I’m simply watching, and hoping, just like everyone else. The early signs for a return to sports? It’s not encouraging.
This past week marked the beginning of voluntary workouts for student-athletes in the Pac-12 Conference, following a slight return to athletics normalcy on campuses across the country. It has been three months since the entire NCAA ledger was canceled by the onset of the COVID-19 pandemic, and this week’s toe-dipping into allowing athletes access to on-campus workouts was designed as the first step in the quest to see some sort of valid college football season this fall.
Here’s hoping the next few weeks unfold better than the first one.
From workout shutdowns on other campuses to an enforcement plan released for Boulder’s Abatement of Public Nuisance Code to curtail irresponsible public gatherings, this week’s trends haven’t exactly inspired hope. And time is running out to outline a safe and reasonable approach to embarking on any sort of college football season.
Remember, it’s not just a matter of keeping the coronavirus under control in Colorado — which, despite the recent local surge in confirmed cases, is a state trending better than most. A safe reopening in Colorado doesn’t mean the Buffs, or their fans, can necessarily expect the same from states across the Pac-12 footprint.
According to data this week from Johns Hopkins University, 10 states have experienced a record high in seven-day averages of new virus cases per day. The CU football team is supposed to travel to three of them by the end of October — Texas (Sept. 19 at Texas A&M), Arizona (Oct. 9 at UA), and California (Oct. 31 at USC). Two other teams from those states are slated to visit the Buffs by the end of September, with the Buffs scheduled to host Fresno State on Sept. 12 and Oregon on Sept. 26.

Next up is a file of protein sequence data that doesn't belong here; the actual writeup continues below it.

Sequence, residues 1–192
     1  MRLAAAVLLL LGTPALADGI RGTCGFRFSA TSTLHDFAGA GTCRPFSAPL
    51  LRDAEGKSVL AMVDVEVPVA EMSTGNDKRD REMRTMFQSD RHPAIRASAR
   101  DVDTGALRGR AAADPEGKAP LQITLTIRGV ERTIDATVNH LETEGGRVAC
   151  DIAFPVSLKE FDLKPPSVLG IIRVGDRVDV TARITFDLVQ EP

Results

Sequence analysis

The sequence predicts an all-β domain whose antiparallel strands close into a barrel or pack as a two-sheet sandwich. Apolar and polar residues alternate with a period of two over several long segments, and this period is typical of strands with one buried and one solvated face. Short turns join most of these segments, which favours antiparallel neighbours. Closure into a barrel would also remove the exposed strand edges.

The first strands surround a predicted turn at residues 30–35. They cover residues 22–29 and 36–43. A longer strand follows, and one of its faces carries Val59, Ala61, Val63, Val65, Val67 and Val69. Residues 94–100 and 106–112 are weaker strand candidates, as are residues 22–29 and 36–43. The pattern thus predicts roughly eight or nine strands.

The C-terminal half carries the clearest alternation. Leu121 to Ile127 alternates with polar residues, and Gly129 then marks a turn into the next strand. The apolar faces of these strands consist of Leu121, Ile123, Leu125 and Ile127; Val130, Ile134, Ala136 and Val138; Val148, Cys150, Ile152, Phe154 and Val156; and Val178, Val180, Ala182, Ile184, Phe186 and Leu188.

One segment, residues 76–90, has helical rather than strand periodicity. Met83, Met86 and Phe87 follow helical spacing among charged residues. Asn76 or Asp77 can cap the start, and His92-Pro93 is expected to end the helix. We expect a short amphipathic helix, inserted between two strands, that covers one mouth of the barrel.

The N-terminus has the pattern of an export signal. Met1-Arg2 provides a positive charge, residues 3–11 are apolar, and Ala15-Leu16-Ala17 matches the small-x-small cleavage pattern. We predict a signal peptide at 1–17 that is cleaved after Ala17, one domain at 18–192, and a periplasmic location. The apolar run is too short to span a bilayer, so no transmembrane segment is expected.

The potential hurdles don’t end there. The CU men’s basketball team is supposed to travel to two other states that recently posted new highs in seven-day case averages by the end of the year, with a November date at the Fort Myers Tip-Off in Florida and a neutral-floor battle against TCU on Dec. 19 in Las Vegas at the inaugural Pac-12 Coast to Coast Challenge. Furthermore, nonconference scheduling for sports like soccer and volleyball could prove more challenging than ever (national women’s soccer power Florida State owes CU a return visit, but that game is slated for 2021).
Certainly a spike in confirmed coronavirus cases should have been expected as student-athletes reconvene on campuses across the country, and as local economies begin opening their doors to more and more customers. How those positive cases are handled, and whether they lead to a spike in hospitalizations, will be critical to monitor in the coming weeks.
The football-at-all-costs crowd will point out that student-athletes are among the demographic least afflicted by a positive test. And that they are in a better bubble for health care on campus than at home. Both points are true. But the typical college game day experience also includes dozens of team personnel, media and broadcast personnel, officials, a contingent of first responders, and stadium staff. Never mind the coaching staffs, many of whom fall into a much more dangerous demographic than the athletes, or the crowds in the stands, even if only a low percentage of capacity is allowed through the gates. Factor in two months of workouts and campus life and all the university personnel a positive yet asymptomatic student-athlete might cross paths with in the meantime, and the challenge of controlling sports-fueled outbreaks becomes exponentially more difficult.
I want to be back at Folsom Field on a beautiful autumn Saturday as much as anyone. Yet it’s difficult to picture that scene amid the early reports from voluntary workouts across the country. On Saturday, Kansas State announced it was pausing its voluntary football workouts for two weeks amid a breakout of 14 positive tests. Clemson football reportedly has almost two dozen cases. At UCLA, football players have requested an independent, third-party oversight to their medical care. If some of these socially-distanced, voluntary workouts already have been halted, what will happen when full-contact practices begin? Or if fans, regardless of potential capacity restrictions, are mingling in the stands?
The rash of positive tests isn’t by any means the death knell of the football season. Yet it nonetheless has set a pessimistic tone to the idea of possibly celebrating the return of college football on Sept. 5.